Yes.  A generator with an approved spark arrester may be operated for recreational purposes on areas that are barren or cleared of all flammable materials for at least a ten-foot radius around the generator, or if they are internally contained within a recreational vehicle.  All motorized equipment with an internal combustion engine is required to have a spark arrester.  Check before you go with the local Forest Service office or Forest website for current information.

Can I use a chain saw (motorized equipment)?

Yes, providing it has an approved spark arrester and this activity is allowed after checking the woodcutting number (1 800 847-7766) for possible shutdown period.  A shut down period is imposed when forest conditions are dry and the weather is warm.  This reduces the chance of a spark generated from woodcutting activities starts a fire.

Can I ride my off-highway vehicle (OHV) in the Plumas National Forest?

Only street legal vehicles are permitted on designated Forest system paved roads.  Off-Highway Vehicles (OHV’s) are only allowed on designated routes.  CLICK HERE for Motor Vehicle Use Maps.  All OHV’s with an internal combustion engine are required to have an approved and operating spark arrester and current registration.

What is a spark arrester?

A spark arrester is a device that traps or pulverizes exhaust carbon particles to a size below 0.023 inch in diameter as they are expelled from an exhaust system. Trap style spark arresters must have a method for cleaning of accumulated carbon particles.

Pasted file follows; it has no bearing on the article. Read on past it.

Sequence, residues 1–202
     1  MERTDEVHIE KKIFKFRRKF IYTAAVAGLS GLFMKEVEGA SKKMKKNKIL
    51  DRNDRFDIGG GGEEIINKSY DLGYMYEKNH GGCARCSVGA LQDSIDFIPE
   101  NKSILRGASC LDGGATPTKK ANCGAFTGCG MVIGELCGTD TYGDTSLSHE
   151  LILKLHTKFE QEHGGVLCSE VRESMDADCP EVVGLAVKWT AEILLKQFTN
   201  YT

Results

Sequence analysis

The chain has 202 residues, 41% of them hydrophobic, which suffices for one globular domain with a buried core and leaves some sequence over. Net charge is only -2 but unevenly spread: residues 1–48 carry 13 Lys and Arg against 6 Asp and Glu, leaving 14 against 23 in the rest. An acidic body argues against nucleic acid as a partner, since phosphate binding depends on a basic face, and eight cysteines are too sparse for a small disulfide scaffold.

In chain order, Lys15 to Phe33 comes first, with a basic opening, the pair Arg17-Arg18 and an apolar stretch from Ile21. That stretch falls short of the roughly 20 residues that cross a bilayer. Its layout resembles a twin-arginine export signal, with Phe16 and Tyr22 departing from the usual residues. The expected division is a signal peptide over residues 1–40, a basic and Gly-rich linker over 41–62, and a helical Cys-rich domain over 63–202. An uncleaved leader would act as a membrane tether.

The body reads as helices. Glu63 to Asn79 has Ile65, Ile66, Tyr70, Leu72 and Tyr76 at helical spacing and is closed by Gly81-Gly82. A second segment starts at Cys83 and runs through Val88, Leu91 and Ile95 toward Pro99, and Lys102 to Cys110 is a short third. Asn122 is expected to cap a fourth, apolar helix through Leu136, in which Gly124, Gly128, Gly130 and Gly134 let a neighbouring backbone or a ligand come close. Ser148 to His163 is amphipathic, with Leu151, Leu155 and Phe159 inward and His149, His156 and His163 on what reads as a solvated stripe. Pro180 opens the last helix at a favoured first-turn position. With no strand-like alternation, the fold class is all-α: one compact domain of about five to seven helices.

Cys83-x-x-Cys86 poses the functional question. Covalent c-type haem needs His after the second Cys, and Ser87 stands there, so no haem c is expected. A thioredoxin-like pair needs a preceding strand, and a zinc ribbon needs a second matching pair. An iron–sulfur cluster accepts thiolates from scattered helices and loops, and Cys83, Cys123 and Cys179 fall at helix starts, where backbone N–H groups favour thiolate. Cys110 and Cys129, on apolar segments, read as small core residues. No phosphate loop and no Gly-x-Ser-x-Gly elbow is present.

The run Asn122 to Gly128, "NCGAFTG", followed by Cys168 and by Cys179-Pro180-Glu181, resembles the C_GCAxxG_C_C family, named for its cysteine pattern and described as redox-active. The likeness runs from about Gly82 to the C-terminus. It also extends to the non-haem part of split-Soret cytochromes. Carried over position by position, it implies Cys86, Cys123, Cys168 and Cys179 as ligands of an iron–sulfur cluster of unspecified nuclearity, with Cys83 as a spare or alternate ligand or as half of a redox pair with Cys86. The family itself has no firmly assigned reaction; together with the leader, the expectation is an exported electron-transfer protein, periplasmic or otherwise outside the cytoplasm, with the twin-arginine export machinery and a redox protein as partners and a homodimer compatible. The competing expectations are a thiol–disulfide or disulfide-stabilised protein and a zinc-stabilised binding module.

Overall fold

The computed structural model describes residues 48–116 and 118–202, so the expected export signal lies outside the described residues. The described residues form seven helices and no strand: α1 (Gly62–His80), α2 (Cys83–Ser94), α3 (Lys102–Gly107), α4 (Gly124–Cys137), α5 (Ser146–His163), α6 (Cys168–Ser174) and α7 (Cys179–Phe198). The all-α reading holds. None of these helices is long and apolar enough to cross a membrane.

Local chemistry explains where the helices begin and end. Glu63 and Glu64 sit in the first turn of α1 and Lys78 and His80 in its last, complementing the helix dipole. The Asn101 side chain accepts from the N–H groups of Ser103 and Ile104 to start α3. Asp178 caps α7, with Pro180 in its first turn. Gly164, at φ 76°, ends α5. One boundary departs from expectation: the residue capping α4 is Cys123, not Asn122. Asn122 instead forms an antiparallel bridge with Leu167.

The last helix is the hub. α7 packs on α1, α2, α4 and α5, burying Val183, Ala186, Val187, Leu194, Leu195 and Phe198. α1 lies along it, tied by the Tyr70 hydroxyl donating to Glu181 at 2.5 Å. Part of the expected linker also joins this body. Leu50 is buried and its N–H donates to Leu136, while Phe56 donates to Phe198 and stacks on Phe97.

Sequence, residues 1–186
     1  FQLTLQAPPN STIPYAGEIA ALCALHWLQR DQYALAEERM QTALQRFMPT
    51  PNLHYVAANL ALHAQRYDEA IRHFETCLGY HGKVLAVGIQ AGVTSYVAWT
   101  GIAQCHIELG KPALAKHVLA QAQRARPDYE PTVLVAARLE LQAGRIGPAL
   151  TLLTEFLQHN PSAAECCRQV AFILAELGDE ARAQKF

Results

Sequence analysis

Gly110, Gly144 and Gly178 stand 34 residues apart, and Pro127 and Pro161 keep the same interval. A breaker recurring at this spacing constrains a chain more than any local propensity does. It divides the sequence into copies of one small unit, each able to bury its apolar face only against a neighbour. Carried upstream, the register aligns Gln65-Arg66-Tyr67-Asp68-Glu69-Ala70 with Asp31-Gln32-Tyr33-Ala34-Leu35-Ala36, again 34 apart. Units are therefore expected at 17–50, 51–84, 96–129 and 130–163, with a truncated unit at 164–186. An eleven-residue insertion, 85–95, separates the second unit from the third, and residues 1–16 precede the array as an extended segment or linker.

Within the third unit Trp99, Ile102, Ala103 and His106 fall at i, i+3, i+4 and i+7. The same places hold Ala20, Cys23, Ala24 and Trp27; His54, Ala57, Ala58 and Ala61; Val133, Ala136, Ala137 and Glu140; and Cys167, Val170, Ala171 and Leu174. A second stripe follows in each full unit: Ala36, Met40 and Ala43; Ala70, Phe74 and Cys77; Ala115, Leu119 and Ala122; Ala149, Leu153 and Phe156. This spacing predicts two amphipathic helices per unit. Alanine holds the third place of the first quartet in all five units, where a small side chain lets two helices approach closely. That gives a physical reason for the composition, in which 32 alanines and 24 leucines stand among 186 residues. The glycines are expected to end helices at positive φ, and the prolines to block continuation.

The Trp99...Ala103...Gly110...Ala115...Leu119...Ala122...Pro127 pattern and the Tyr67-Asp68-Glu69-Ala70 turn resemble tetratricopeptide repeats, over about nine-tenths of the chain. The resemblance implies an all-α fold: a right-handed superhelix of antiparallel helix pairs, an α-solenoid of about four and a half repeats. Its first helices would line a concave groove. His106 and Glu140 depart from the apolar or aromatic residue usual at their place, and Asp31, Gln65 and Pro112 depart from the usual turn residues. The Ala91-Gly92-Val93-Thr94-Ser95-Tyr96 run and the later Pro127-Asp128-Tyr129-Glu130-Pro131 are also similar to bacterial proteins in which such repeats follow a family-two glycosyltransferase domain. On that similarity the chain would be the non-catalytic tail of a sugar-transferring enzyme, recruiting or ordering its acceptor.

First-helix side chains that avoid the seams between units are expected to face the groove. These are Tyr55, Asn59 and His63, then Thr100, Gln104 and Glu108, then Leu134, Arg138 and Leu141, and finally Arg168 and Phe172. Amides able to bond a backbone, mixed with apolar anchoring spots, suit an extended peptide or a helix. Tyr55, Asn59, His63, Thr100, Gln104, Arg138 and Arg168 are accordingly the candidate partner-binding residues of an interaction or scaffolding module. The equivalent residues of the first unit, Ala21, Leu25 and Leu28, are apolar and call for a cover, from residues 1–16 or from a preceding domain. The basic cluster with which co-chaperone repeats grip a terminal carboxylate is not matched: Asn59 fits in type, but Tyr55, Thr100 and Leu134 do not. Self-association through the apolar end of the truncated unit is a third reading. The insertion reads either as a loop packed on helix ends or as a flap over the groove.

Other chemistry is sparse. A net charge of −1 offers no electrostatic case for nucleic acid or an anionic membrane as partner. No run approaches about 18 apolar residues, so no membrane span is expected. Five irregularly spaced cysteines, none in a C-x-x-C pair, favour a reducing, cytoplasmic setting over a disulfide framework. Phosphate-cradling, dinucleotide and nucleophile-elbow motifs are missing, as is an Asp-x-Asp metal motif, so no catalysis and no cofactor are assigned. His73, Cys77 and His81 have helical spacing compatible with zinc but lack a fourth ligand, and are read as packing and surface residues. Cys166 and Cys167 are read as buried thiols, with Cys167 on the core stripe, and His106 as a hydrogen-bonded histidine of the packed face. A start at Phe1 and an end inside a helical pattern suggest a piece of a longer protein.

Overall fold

When operating or using any internal or external combustion engine, a spark-arresting device must be properly installed, maintained, and in effective working order meeting either the USDA Forest Service Standard 5100-1a (as amended), or appropriate Society of Automotive Engineers (SAE) recommended practice J335(b) and J350(a) 36 CFR 261.52(j).

 

Camp Stoves:

Can I use a gas, liquid or jelly petroleum-fueled stove in undeveloped (remote) camping areas?

Yes.  Gas, liquid or jelly petroleum-fueled stoves are allowed in undeveloped areas but require a California Campfire Permit.   Additional restrictions may be implemented as fire danger increases.

Can I use a gas, liquid or jelly petroleum-fueled stove in developed campgrounds and developed picnic areas?

Yes.  Gas, liquid and jelly petroleum-fueled camp stoves are allowed in developed campgrounds and developed picnic areas.

Why are jelly petroleum-fueled stoves okay and campfires aren’t?

Gas, liquid, and jelly petroleum-fueled stoves can be extinguished by turning off the fuel source to the stove.  Jelly petroleum-fueled stoves can be extinguished by putting a metal lid over the container.  This makes their use much safer than campfires.  Ashes or hot briquettes can blow outside of the fire pit; these embers can easily start a wildfire.  Also, visitors might discard ashes or hot charcoal briquettes before they are completely cool, which could cause vegetation to ignite later after they are gone.